The following is an excerpt from a teaching by Jetsunma Ahkon Lhamo called “The Guru Is Your Diamond”
Many people, when they come to the Path, they do feel the connection with some particular deity. I know of one person who felt a very strong connection to Manjushri, with his great sword cutting through ignorance. And yet that person did not practice proper Guru Yoga and understand that the nature that is Manjushri with the sword is the very nature that is our root guru; and that sword could be a word, a look, a piece of advice, some heart teaching, anything that cuts through the darkness of ignorance. Some of us can understand that and then others of us want to have our particular deity. You hear the pride in that, don’t you? ‘I’m into Manjushri! He’s the guy with the big sword. What a guy.’ And yet, every Buddha that we can visualize, all of the peaceful and wrathful deities that naturally appear in the bardo and are part of our own nature and can be recognized, each one of them has the complete and perfect qualities of all the Buddhas.
So, while it’s an amazing thing if you are attracted to some particular Buddha, like maybe Amitabha or Chenrezig or Tara, you might say, ‘Oh, I really love that deity.’ That’s good. Cultivate that. But do not miss the step that Guru Rinpoche gave to us when he said, “This nature, the nature of one’s teacher is unsurpassed by the Buddhas and Bodhisattvas of the ten directions.” Why did he say that? To create confusion so that everyone in all our different places could look at our own particular root guru and say that’s the best one? No, that’s crazy. That’s just more ordinary thinking. But instead, by implication, we understand that what we must do is to recognize the intrinsic nature that appears as our root guru, the promise of Guru Rinpoche fulfilled. And if Guru Rinpoche said this was going to work, well it’s going to work.
So, Guru Yoga is like a rocketship. We depend on the accomplishment, the qualities and the nature that appears as our own root guru. Early on in the relationship with our root teacher, we should practice thoughtful discrimination. That is to say, we should ask ourselves: Has this teacher really given rise to the great Bodhichitta? Do we see that Bodhichitta is present here? Ok. Check that box. Got that one. Ok. Do we see that this teacher has the capacity to ripen my mind? Do I hear Dharma from this teacher? Check that one. Is this teacher considered qualified by peers of her lineage/his lineage/their lineage, whichever? Is this teacher properly recognized and considered properly an authority and a throne holder? Does this teacher have good qualities? Does this teacher have the ability to communicate? Let’s see. What else? Does this teacher have an unbroken chain that connects us to the source of the blessing, which is Guru Rinpoche? You betcha!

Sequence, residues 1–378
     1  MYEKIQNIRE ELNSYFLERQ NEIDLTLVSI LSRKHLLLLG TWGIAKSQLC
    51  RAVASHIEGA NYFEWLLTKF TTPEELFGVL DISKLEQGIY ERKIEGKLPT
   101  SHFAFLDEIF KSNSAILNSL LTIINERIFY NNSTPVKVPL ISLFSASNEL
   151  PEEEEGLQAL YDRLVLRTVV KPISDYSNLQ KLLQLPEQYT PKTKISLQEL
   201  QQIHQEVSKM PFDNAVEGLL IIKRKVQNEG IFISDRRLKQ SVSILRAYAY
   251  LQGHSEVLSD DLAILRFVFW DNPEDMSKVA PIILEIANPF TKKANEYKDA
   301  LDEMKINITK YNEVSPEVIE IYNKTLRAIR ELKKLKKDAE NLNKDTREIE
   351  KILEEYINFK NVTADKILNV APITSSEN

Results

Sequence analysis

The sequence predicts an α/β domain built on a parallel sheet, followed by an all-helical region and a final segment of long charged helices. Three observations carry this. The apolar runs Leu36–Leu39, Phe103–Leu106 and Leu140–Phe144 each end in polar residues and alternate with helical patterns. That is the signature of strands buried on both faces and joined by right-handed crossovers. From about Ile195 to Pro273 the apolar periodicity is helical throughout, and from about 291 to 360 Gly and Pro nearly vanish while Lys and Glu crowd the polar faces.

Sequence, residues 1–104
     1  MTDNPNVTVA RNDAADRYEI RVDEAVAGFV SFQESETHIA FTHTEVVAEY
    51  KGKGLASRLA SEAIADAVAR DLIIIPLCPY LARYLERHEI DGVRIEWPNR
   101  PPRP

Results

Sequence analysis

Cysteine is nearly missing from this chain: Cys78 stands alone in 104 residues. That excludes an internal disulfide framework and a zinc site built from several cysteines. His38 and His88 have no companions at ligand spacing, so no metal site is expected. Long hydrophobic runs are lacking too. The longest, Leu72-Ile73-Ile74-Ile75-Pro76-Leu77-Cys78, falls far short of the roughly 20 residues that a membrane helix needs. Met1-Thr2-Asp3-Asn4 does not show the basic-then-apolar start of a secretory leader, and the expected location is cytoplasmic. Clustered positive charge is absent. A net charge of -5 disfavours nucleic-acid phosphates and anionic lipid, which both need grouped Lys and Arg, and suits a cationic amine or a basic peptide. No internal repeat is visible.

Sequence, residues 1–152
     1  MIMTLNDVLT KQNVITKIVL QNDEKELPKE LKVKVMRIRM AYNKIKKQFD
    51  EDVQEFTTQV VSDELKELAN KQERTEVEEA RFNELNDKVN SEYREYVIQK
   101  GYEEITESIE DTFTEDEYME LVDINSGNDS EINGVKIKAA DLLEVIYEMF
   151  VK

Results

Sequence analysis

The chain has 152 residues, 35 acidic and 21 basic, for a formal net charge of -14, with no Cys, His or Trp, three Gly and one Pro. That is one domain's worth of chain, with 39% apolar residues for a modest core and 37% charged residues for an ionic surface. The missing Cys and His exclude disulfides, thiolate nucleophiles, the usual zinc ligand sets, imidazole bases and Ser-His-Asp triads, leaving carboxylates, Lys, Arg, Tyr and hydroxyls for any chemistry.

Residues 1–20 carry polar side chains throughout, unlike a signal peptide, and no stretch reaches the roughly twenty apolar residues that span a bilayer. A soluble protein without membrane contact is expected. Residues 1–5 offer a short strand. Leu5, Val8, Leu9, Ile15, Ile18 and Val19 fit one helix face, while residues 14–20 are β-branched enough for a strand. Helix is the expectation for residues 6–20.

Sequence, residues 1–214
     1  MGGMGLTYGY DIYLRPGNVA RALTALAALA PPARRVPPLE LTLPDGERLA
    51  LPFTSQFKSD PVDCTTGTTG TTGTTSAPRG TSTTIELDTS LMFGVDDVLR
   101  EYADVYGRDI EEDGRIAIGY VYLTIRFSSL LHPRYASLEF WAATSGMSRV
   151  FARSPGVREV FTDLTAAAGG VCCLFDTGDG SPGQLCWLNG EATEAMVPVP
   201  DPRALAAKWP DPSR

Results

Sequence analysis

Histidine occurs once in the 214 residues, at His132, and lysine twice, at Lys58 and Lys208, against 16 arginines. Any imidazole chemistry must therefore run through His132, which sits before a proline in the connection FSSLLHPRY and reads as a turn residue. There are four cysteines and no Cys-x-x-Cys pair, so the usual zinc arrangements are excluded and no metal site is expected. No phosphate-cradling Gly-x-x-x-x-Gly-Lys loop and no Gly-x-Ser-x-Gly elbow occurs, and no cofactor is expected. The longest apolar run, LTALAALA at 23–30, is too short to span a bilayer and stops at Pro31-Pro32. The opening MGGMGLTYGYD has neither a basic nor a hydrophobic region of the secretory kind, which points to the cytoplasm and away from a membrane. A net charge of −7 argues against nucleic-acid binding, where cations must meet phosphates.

Copyright © Jetsunma Ahkon Lhamo. All rights reserved
We think through these things. And at that time if you decide this teacher is not for me, then there is no harm in saying, ‘I’ll keep looking.’ Maybe the connection is not quite right. So that’s when you do your discriminating and your thinking. But once you’ve decided—check boxes are all full, looks good to me and I have that feeling, I feel that connection, something is wiggling in my little heart chakra… So when we come to that place, after that point, you must put yourself on a diet, because after that point, there’s no more judgment.
Once we make the judgment and discrimination necessary and have that undeniable sense that one has entered the Path and met one’s root guru, after that point, judgment should be put aside. Then the ball is in your court. Not that the teacher doesn’t have a responsibility. I promise you, the teacher knows their responsibility, if they are worth their weight in salt. And that teacher not only knows their responsibility but also knows their students. A good teacher will be willing to say to a student keep looking. Go see this lama here or that lama there. See what you think. Once the teacher has accepted the student, and the student has accepted the teacher, then that bond becomes more intimate than any marriage, any mother and child relationship, any friendship. It’s hard to understand that because we think, ‘Oh, teacher. I only see you every so often, but I see my spouse and my children every day. Therefore, it must be more intimate.’
However, I will tell you that in order for you to be here, to be accepted as my student and to accept me as well, for that karma to mesh in that particular way, we must have known each other many times, many times. The relationship between student and teacher is not a relationship that ends in one lifetime. If we take vows together, I am responsible for you always. And so long as you remain in the world and have not yet accomplished liberation, I must appear again in samsara in order to liberate you. I must. Even if there’s only one, just you, your teacher will return for you. Under any conditions.